An audio description press pass and “Kingett Reads”

Hi all! I’d just like to make a quick update. Well, a few actually, so this blog post will be quite long! I actually have some news that I just want to share, woot!

The first thing that I’d like to pop out of my fingers today, or tonight, however you’re reading this, either through the phone or through the traditional way, get ready, because this totally isn’t real! I’m dreaming! I’m s bouncy that my hair can’t even match my hips.

So the big news that I have for all my lovely readers is this:

I HAVE MY PRESS PASS! It’s even made up of Braille too, and it’s in grade two!

Now let me clarify what these press passes are for.

The ones that I have are for movie theaters and also for theaters here in Chicago. This means that I’ll be subjected to what these professional people call “press night” which means that I will be treated as if I’m royalty for a few hours. I don’t know what happens in the movie theaters yet as I have not had the opportunity t use my theater press pass yet but it’s being shipped! My theater passes have arrived however. I’ll post pictures on Facebook so I can gloat even more.

If you’re a media professional, as they call it, each theater will present what they call a press pass. This press pass will allow you, like I have said, to access a special screening or showing of the play or movie. Unfortunately, I’m sure there haven’t been any audio described plays and movies on press night, and whenever my editor wishes me to go to these events; I make sure to ask about the audio description that’s available in these theaters. Ironically, the passes for the theaters that I have also carry the audio description. They are Steppenwolf Theatre Company, The Victory Gardens Theater, The Goodman Theatre, and the Chicago Shakespeare Theatre.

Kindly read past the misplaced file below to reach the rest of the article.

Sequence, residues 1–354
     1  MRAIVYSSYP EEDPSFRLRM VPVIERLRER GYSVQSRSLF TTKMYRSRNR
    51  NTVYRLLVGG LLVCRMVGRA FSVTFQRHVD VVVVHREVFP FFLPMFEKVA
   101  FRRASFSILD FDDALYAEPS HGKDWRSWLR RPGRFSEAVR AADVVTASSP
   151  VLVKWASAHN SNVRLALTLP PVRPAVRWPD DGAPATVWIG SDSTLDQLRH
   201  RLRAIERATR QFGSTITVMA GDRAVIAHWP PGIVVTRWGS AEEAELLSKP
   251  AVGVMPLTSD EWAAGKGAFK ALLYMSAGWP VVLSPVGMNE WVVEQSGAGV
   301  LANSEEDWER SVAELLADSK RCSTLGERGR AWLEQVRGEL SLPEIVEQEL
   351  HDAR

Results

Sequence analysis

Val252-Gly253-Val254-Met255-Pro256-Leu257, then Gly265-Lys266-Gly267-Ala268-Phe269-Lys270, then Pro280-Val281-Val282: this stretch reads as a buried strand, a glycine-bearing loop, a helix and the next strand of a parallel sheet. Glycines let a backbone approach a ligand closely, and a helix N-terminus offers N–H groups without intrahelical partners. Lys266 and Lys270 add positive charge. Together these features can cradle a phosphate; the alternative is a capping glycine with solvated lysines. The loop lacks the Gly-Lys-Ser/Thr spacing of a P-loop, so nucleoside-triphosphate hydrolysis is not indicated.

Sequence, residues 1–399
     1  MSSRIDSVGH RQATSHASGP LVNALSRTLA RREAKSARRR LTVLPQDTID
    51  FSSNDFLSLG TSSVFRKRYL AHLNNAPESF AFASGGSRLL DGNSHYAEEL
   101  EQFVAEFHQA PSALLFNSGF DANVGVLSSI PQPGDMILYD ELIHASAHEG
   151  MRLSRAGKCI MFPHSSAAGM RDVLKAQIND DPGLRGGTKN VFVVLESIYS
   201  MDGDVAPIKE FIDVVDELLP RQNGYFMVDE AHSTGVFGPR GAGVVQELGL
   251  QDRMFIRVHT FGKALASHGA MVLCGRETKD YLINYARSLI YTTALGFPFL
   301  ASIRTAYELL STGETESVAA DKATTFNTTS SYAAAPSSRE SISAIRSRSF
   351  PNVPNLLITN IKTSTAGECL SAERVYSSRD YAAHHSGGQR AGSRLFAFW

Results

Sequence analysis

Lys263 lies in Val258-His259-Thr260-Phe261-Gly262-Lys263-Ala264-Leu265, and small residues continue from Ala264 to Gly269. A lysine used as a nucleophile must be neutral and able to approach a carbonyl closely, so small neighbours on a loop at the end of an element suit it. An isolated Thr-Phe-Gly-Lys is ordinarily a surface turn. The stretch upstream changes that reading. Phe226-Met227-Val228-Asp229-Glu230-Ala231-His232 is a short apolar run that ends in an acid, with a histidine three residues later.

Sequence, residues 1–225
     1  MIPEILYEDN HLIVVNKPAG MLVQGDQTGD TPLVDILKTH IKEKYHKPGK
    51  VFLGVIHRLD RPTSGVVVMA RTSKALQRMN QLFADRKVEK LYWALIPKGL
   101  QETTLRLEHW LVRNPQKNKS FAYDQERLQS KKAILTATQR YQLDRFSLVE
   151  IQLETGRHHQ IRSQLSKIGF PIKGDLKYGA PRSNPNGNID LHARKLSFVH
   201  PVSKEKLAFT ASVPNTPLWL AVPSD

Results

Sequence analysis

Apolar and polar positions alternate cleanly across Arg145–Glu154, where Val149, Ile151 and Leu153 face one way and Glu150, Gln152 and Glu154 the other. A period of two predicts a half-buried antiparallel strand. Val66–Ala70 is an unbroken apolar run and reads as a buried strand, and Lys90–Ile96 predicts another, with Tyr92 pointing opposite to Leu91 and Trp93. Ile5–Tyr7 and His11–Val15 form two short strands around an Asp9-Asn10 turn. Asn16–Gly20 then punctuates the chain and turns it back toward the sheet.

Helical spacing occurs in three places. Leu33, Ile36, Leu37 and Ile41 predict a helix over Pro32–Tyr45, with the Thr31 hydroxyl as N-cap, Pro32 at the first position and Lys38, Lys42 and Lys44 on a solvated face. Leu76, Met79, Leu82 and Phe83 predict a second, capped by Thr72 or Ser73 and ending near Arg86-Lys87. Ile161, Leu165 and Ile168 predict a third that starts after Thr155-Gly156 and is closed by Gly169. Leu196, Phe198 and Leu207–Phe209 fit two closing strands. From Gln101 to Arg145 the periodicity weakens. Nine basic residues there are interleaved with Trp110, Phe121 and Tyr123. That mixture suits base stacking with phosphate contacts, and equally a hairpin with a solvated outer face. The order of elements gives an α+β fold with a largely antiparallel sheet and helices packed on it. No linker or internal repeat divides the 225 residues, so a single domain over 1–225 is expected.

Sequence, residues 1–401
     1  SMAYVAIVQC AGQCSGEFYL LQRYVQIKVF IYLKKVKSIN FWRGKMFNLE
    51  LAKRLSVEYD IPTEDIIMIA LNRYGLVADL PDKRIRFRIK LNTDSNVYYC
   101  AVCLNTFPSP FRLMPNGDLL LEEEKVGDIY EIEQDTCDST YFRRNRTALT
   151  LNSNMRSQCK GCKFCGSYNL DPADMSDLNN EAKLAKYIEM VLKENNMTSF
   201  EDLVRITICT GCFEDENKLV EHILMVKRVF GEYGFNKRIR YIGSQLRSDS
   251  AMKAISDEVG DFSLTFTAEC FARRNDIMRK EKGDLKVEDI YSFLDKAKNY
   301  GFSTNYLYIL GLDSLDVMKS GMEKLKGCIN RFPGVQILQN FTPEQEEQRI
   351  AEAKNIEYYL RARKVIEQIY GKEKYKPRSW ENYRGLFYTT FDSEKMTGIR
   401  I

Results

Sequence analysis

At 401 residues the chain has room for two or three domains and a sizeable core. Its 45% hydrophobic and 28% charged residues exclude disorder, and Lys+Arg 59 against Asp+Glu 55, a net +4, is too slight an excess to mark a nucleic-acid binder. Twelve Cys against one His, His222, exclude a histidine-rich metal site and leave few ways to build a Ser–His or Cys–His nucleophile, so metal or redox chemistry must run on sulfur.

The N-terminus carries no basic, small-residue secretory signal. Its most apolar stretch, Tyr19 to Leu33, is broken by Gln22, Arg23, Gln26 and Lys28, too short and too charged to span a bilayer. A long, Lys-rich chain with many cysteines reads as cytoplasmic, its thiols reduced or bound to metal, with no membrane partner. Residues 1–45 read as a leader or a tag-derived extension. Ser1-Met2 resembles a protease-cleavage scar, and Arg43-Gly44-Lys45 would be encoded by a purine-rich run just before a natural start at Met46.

For confidentiality purposes I can’t tell you what movie passes I got for the movie theaters, but I can tell you all that it’s the theaters here in Chicago actively promote the audio description service for the blind and the visually impaired. It’s going to be exciting! I believe that this will encourage people and business and things to be accessible. If they’re not, they know about it, for sure. They will definitely have to take a new look at providing accessibility to the blind and the visually impaired. By the way, I’ve never experienced a play with audio description. I can’t tell you what I’m going to go see, but it will have audio description.

In other news, I’ll be writing a very interesting column for a new hip magazine here in the next coming weeks. Instead of posting them here, I’ll be posting them to Man of the Hour Magazine. They’ll be re blogged here with a link to the source article. A sample will be posted here. The same thing will be happening for my comedy reviews and interviews for America’s comedy. This new column will be called Kingett Reads, a column where I read books, chapter by chapter and review each chapter without having any knowledge of the book what so ever. I’ll be reading books and commenting on what I read things about the plot, characters, story elements, and overall flow. These will be books that I have never ever read before; everything will be read from classics to modernized books. The books that I’m going to think about starting off with are these.

1984 by George Orwell.

Durango Street by Frank Bonham.

The Casual Vacancy by J. K. Rowling.

This should be fun! I can’t wait! Stay tuned everyone for a review of a play with audio description.

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Robert W Kingett

Robert Kingett is a gay blind journalist, and author, with many publications in magazines, anthologies, and blogs. He has judged many writing contests and has won many awards for his writings and advocacy.

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